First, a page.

Thursday, October 21, 2010

Blando Pede

A recent and very touching article by the excellent essayist Dr. Anthony Daniels (a.k.a. Theodore Dalrymple) got me thinking about the relationship between humans and dogs. Like the good doctor, my wife and I have a dog on whom we have doted for over a decade; to our delight, she has taken our young daughter to her heart as well.

The Romans, of course, loved their dogs. Not just their hunting-dogs (for which, by the way, see Xenophon's classic treatise on the subject), but their lap-dogs. One of those immortalised in classical literature was Issa, the darling of a certain Publius who was a friend of the poet Martial. In a hendecasyllabic epigram with definite nods to Catullus' famous sparrow poems, Martial expresses the man-dog relationship in tender terms:

Hanc tu, si queritur, loqui putabis;
sentit tristitiamque gaudiumque.
collo nixa cubat capitque somnos,
ut suspiria nulla sentiantur;
et desiderio coacta ventris
gutta pallia non fefellit ulla,
sed blando pede suscitat toroque
deponi monet et rogat levari.
castae tantus inest pudor catellae,
ignorat Venerem; nec invenimus
dignum tam tenera virum puella.

"If she [Issa] complains, you will think she is speaking; she feels both sadness and joy. She leans on his [Publius'] neck and catches sleep, but so that no breath is heard; and even if she is hard-pressed by the need for relief, she has never stained any blanket with as much as a drop. But she stirs him with a gentle foot, and says she needs to be put down from the bed, and asks him to lift her up. There is so much modesty in this unsullied pup, she is unaware of the delights of Love; and we haven't found a man worthy of such a gentle girl!"

(Martial, I.109, 6-16)

Hardly a classic of Latin literature, but enjoyable nonetheless:

Line 6: with "loqui", we immediately get the sense of what Martial is trying to convey: Issa is, to her owner, very human, and gives that impression to others as well.
7: the polysyndeton of "tristitiamque gaudiumque" is metrically convenient, but stylistically clever as well, suggesting the range of emotions Issa feels.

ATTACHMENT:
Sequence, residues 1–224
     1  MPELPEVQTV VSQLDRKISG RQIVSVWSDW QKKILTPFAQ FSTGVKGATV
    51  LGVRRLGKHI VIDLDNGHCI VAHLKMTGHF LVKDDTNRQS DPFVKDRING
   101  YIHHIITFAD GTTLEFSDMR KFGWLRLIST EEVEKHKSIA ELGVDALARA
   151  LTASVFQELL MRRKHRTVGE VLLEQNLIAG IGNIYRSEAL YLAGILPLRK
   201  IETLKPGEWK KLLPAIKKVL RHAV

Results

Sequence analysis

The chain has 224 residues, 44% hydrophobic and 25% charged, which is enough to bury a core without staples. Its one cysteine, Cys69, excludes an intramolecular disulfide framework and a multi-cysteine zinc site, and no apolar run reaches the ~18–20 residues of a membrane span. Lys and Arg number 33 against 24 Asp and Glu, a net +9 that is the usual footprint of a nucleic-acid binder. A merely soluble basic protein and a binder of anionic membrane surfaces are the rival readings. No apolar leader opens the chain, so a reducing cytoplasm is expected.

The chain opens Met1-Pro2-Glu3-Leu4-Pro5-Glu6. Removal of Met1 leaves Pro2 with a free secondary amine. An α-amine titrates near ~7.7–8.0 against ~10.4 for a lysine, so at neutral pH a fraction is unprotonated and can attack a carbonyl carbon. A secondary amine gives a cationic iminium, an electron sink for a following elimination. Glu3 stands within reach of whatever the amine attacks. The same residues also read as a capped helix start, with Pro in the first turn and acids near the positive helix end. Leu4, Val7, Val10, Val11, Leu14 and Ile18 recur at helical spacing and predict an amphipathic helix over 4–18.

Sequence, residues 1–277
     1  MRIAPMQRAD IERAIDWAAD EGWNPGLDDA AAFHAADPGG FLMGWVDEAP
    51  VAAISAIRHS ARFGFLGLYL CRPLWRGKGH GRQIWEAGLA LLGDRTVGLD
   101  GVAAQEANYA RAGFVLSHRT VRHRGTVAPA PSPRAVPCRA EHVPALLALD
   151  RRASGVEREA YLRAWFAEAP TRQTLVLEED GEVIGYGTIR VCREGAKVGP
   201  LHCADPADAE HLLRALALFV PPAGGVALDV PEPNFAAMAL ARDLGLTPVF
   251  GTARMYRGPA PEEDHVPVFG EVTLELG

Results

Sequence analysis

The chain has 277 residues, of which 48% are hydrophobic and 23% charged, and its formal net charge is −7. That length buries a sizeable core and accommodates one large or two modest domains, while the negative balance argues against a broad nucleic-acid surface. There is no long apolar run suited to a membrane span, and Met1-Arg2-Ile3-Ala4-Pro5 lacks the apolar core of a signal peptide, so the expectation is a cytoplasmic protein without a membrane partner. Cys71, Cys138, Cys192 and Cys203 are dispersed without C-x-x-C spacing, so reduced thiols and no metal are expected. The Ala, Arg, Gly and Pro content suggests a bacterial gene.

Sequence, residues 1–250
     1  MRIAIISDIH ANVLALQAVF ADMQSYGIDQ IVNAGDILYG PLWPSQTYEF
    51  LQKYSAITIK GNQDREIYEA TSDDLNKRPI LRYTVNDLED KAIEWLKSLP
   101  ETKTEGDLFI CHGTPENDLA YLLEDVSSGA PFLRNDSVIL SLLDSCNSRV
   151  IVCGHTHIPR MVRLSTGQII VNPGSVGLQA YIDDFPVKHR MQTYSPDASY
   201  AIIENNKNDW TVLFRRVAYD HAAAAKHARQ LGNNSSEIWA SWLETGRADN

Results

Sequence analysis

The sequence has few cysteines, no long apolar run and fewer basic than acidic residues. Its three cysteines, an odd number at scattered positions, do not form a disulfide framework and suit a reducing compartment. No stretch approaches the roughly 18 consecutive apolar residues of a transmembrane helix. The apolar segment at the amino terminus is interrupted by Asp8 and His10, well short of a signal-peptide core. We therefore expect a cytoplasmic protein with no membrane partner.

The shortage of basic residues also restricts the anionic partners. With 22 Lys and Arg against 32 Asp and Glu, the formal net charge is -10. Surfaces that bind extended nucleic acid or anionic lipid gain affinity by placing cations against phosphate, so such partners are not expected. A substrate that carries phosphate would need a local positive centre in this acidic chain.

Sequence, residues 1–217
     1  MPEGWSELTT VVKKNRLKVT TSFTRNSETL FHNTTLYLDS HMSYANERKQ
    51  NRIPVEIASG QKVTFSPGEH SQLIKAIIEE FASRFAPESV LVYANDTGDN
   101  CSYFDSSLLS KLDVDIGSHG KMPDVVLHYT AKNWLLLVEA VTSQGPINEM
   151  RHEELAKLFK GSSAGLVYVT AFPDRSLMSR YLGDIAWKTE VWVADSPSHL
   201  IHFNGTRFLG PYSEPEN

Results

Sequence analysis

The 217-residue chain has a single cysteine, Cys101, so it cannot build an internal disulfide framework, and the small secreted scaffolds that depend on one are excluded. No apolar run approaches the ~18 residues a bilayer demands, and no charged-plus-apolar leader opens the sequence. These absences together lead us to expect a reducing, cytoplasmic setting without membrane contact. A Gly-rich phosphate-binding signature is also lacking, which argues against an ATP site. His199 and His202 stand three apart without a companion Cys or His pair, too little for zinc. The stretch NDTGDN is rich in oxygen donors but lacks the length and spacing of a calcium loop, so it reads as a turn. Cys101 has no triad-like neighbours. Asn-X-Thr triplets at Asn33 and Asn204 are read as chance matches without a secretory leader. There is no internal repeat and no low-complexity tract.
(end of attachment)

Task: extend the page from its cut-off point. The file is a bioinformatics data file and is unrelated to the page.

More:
8: a nicely-chosen end to the line. somnum capere is of course a set expression in Latin for getting some sleep (the English phrase "catching some shut-eye" is worth noting by comparison), but there is perhaps an extra idea here: that of Issa perhaps "catching" her master's sleep as well, with the faithfulness and devotion implied. Certainly, anyone who has had a little dog accompany them for an afternoon snooze knows what perfect companions they are for the Land of Nod, and the thoughtfulness of Issa suggested in line 9 conveys this beautifully.
10: a cleverly-ordered line. As a Roman listener would hear it: "desiderio" desire/wish..."coacta"...compelled...what's going on here?..."ventris". Aha! An ending of gentle bathos: the "desire" that the dog feels is for a leak. But it is too faithful (and perhaps sensible) to sully its master's sheets!
11: another nicely chosen word, "fefellit": the dog does not stain the sheets, but also does not deceive its master. None so faithful as Issa.
12: "blando pede" is a phrase which almost encapsulates Issa's gentleness. Even when tortured by a full bladder, she treats her master with kindness and consideration, with just a gentle paw on the hand to make a humble request ("rogat").
14: "catellae" provides a slightly bathetic and humorous ending to the line, since the first four words would make one think of an upright young lady or a grim widow. Instead, it's Issa again, a "lady" of impeccable morals as well as a gentle soul!
16: a delightful ending, with the emphatically-placed "dignum" and the incongruous "virum" investing Issa with a sort of maiden's purity. Note the use of "puella", also emphatically placed...again, Issa is very human to her owner and her owner's friends!

For the record, here is our own little Issa, who goes by the name of Georgie. May she live for a good many years yet.

No comments:

Post a Comment